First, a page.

Less exposed to the spot market
Navios Maritime Partners LP (NMM) is less sensitive to shipping cycles due to its long-term charters and staged expirations. This is in contrast its peers Safe Bulkers (SB), Scorpio Bulkers (SALT), and DryShips (DRYS), which operate on short-term charters or spot rates.
Recently, dry bulk freight rates hit an all-time low, putting pressure on the forward time charter rates as well. Eighteen contracts are expiring for Navios Maritime Partners between now and end of 2016. As the current dry time 12-month charter rates are lower than rates at which the current charter expires, it could present a downside for NMM’s cash flows.
Downside to cash flows?
After factoring in the downside from this rechartering, we’ll determine whether NMM would be able to sustain its current distributions.
NMM’s four Capesize, ten Panamax, and three Ultra-Handymax vessels are coming off charter until December 2016. The average current contracted daily charter rate comes out to be $19,165 for Capesize, $10,911 for Panamax, and $10,383 for Ultra-Handymax.
To assess the downside, we used the current 12-month time charter rates from Alibra. According to its estimates, the current 12-month time charter rates are $8,500 for Capesize, $6,200 for Panamax, and $5,400 for Ultra-Handymax. This represents a downside of $38 million to its revenues one year from now. We estimated EBITDA by simply annualizing its latest 3Q15 EBITDA numbers and adjusting for the downside. This gives us an EBITDA of ~$126 million for the year ended 2016.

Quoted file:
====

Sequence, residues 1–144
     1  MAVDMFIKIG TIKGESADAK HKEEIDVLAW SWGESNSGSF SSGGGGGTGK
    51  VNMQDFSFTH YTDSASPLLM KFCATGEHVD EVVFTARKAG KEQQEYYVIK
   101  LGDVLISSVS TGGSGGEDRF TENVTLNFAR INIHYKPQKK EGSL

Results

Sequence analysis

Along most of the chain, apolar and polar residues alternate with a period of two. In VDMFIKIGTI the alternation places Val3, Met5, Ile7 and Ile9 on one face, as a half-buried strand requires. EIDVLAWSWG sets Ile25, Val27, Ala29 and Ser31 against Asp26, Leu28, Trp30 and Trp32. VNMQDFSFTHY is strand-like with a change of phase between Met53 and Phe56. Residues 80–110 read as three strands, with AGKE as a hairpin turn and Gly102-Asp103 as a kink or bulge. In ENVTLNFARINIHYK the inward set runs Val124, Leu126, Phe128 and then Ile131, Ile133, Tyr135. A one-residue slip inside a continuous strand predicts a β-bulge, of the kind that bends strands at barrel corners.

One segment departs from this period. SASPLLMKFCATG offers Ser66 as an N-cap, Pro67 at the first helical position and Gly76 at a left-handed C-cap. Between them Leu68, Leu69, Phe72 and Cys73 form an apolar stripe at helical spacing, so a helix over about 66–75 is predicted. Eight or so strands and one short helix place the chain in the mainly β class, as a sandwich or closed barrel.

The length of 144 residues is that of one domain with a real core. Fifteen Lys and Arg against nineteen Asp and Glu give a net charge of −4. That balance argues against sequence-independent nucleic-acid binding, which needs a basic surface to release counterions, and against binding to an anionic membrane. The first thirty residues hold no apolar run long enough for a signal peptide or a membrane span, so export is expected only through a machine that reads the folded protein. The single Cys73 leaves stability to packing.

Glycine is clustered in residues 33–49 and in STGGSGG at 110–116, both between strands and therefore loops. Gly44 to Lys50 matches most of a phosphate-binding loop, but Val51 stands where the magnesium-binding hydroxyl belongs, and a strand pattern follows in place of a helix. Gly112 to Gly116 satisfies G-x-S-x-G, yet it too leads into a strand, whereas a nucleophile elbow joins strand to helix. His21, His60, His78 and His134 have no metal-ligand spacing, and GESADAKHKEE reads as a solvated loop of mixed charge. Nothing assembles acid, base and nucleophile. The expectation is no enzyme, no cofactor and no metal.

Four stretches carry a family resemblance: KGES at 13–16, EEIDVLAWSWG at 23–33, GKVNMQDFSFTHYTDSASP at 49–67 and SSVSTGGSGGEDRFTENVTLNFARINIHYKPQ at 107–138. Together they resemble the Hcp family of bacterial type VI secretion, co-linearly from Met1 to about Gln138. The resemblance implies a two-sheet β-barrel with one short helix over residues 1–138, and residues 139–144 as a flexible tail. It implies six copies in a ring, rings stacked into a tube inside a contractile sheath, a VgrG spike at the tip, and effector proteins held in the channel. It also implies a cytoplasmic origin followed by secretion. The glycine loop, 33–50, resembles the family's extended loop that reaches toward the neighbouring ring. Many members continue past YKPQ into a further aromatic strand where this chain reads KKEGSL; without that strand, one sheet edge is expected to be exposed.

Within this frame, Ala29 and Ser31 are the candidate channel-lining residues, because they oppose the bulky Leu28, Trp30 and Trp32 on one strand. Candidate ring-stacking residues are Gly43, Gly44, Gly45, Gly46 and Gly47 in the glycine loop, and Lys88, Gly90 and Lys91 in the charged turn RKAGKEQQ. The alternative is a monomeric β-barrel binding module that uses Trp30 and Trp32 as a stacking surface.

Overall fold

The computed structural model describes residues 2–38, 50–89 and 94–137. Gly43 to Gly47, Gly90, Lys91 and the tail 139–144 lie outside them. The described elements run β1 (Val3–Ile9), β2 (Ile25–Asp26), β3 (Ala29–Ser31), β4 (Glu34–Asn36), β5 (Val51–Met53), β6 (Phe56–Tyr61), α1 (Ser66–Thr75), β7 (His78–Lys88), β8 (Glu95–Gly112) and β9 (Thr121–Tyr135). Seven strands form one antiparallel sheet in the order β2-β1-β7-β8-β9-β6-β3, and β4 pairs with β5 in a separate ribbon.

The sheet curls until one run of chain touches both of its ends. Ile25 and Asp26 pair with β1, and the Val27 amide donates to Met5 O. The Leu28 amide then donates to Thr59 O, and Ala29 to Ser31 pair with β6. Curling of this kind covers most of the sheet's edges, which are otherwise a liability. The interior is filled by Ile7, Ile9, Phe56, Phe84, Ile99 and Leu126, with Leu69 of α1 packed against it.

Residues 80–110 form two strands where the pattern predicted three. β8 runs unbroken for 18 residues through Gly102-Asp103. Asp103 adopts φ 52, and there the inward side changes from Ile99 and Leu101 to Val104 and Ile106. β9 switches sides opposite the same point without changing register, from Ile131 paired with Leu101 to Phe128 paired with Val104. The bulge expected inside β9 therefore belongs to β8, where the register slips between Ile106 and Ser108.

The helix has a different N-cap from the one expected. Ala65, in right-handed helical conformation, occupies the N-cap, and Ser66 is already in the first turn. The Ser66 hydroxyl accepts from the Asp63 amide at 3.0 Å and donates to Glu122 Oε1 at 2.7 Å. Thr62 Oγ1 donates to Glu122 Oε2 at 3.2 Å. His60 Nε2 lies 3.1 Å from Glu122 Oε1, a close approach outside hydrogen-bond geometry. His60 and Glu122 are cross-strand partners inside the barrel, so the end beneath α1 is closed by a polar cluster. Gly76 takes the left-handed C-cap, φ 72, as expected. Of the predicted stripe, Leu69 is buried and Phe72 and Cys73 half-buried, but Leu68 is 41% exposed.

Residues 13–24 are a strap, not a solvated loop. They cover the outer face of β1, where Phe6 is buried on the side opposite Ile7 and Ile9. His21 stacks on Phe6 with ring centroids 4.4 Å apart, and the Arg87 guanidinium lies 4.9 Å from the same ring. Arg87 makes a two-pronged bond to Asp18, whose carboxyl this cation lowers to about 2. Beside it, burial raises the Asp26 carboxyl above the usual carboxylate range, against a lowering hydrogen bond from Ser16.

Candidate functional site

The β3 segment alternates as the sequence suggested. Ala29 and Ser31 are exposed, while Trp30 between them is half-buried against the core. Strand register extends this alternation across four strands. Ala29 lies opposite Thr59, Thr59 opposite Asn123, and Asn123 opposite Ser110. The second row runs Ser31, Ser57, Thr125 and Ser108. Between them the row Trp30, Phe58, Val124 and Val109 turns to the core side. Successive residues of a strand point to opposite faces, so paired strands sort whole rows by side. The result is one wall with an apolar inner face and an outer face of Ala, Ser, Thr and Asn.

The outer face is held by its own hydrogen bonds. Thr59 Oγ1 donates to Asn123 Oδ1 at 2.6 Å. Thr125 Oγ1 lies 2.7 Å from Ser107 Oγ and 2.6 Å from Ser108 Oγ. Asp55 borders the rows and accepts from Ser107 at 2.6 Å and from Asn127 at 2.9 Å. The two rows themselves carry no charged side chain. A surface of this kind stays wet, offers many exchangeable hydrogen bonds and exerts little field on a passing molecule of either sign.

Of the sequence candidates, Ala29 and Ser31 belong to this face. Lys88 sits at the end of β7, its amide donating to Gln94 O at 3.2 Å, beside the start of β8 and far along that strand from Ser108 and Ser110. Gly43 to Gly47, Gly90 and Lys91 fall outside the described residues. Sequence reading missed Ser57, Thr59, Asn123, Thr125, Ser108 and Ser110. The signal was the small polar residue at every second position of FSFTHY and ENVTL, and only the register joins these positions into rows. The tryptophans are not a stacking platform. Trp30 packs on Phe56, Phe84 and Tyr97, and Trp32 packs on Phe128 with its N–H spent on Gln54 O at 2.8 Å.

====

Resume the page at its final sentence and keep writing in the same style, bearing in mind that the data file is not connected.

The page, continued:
Distribution coverage 1 year forward
After keeping the rest of the expenses constant (interest paid, received, maintenance, and replacement capital) at 3Q15 annualized levels, we arrived at the distributable cash flow (or DCF) of $84.1 million.
This represents a cash flow per unit of $1.01 and the distribution coverage ratio of 1.2x at the current $0.85 per share annually. This means that even after factoring for all the downside present in the market right now, NMM should still be in a position to provide distributions with a coverage ratio greater than 1.0x. For the sake of simplicity, we haven’t taken into consideration the profit-sharing agreement in its contracts.